I knew some important rabbis had a very clear position concerning Christianity not being idolatrous. I enlisted them to the project, which in turn sparked a very lively debate in certain circles on the internet. People were shocked saying, “Why are these rabbis supporting the rebuilding of a church?” So that sparked a very lively discussion that gave these rabbis the opportunity to affirm that Christianity is not idolatrous. So it was an educational initiative and at the same time, it was an initiative for rebuilding friendship. It was working inwards, and it was working outwards
ZENIT: What has been the reaction to the campaign? While I’m sure that there has been a positive reaction, have you received any negative backlash especially from those who don’t agree?
Goshen-Gottstein: Yes of course there has been some opposition to it. I’ve personally been harassed on account of it. Facebook has been an important instrument in driving this campaign and there has been opposition: I have various op-eds published on Israeli newspapers and there are comments that say: “Why are Jews rebuilding for Christians? What are Christians doing [for Jews]?” Most of the negative reactions are based on ignorance. It’s amazing how people don’t want to let facts confuse their pre-existing, negative views on Christianity. In other words, they say “they did this to us.” And yes there is a long and painful history of Christians treating Jews very poorly, and yet the Church has changed its views radically. Nevertheless, there are many Jews who refuse to recognize this. There is a remarkable obstinacy, in the name of faithfulness to historical memory, of people refusing to recognize changes that have taken place amongst the Catholics. Consequently, we continue to see negative representations of Christians, which in turn feed moments of such religious extremism and violence. So those views keep coming up time and again, further supported by positions that consider Christianity is idolatrous. So certainly, there has been some objection. Still, the campaign has made an impression, especially on the “middle ground”, those individuals who are open to reexamining their positions.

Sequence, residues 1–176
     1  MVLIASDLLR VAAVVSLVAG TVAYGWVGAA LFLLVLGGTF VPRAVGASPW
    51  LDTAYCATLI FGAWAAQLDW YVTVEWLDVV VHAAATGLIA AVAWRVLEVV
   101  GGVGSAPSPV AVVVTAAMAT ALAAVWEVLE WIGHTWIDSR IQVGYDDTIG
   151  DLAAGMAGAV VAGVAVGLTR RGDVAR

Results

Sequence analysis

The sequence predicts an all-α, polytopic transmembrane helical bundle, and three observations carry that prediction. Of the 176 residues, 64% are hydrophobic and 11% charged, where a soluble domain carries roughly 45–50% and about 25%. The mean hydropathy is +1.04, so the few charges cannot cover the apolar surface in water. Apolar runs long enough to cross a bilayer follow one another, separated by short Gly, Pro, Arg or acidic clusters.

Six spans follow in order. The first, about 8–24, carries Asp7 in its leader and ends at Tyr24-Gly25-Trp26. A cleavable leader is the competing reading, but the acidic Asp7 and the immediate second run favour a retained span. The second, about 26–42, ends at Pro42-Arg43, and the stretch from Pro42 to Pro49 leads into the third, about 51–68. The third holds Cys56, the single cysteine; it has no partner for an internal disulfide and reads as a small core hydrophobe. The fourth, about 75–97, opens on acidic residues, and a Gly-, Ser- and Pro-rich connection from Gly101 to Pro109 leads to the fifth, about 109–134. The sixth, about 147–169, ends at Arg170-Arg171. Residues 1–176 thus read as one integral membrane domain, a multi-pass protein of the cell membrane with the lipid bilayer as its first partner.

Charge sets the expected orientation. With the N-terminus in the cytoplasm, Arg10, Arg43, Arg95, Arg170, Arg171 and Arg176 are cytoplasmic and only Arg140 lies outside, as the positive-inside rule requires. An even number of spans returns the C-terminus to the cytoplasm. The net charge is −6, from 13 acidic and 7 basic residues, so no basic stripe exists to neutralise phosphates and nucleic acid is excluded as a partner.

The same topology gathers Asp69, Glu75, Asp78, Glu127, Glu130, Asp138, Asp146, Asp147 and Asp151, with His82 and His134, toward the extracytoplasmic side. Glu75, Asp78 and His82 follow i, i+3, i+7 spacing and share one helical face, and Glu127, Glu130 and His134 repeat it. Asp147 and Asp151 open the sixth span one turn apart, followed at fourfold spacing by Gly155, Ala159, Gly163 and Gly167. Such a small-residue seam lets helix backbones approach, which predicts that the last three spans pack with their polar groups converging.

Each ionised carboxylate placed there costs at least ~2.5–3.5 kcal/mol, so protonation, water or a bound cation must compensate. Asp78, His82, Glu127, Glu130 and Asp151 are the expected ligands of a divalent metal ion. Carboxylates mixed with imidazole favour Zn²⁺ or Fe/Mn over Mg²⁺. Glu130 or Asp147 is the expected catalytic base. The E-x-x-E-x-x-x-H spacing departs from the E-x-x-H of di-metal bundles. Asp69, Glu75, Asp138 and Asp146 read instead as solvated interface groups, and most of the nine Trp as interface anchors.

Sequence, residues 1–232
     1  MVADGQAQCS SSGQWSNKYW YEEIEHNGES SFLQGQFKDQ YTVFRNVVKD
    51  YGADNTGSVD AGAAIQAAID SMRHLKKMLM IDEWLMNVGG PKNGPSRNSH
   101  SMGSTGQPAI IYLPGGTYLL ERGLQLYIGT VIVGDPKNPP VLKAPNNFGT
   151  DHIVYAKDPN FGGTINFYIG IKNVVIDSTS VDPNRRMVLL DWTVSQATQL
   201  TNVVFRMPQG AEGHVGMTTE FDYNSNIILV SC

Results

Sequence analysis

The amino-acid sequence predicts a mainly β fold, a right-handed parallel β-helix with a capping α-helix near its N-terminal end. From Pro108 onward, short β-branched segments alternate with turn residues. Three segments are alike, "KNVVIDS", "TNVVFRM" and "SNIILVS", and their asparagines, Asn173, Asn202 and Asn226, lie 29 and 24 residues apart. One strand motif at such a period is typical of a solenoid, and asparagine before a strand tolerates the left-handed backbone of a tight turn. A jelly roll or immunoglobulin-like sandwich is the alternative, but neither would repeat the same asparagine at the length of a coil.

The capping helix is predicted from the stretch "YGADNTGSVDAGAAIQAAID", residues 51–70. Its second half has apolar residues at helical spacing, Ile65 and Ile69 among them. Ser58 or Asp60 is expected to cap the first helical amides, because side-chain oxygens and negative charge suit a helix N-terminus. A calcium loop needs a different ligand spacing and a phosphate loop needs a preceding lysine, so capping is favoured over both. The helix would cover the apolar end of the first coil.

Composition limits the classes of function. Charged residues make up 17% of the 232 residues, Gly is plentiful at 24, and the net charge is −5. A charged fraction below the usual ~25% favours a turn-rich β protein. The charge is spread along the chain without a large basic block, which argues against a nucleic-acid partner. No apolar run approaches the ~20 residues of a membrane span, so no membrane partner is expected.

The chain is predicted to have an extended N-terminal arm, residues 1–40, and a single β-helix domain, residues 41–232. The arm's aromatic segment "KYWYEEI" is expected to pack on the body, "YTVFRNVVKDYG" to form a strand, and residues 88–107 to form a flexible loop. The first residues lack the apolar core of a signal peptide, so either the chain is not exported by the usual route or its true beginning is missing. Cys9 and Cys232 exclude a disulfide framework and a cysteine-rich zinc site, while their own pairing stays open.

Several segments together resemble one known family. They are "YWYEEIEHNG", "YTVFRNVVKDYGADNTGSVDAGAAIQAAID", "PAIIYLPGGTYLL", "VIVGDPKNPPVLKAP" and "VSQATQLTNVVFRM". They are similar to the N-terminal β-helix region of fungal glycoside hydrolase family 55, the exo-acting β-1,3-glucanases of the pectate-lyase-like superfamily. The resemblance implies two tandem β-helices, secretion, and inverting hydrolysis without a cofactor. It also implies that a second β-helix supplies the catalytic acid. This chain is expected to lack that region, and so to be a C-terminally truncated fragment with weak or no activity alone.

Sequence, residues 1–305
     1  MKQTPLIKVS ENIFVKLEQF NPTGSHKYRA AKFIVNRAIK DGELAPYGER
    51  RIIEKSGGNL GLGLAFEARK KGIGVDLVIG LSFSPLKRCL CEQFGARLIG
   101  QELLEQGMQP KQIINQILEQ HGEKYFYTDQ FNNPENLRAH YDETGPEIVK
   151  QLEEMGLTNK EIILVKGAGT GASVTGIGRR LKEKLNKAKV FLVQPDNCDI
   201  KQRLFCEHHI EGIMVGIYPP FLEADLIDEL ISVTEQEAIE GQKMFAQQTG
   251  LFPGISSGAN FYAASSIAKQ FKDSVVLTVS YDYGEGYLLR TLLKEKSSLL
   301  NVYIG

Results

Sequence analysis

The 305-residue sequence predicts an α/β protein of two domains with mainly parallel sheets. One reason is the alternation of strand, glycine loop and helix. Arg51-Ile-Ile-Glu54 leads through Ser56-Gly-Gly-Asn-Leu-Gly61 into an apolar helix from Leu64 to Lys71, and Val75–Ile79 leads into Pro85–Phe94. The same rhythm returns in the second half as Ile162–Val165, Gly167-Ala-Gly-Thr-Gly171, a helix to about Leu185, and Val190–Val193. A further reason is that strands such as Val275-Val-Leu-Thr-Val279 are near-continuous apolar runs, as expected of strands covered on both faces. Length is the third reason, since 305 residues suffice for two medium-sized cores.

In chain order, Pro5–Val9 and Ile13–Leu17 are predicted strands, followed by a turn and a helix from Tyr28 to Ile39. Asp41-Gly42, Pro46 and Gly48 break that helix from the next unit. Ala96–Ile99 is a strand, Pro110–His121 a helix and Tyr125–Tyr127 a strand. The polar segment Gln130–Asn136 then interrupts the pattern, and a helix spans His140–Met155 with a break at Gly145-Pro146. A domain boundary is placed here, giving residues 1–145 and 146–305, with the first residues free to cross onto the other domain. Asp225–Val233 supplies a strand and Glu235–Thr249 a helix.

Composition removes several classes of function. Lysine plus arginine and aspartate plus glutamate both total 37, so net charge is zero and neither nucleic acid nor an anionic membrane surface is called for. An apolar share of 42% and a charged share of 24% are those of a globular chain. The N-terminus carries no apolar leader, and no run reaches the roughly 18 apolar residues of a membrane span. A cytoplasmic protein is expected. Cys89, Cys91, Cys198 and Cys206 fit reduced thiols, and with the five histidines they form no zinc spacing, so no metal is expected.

ZENIT: You touched upon something that has been a global phenomenon for quite some time: religious extremism, th
e notion of using religion to justify violence. What do you think is the best way to confront this? Can religious leaders of different traditions collaborate in combating it?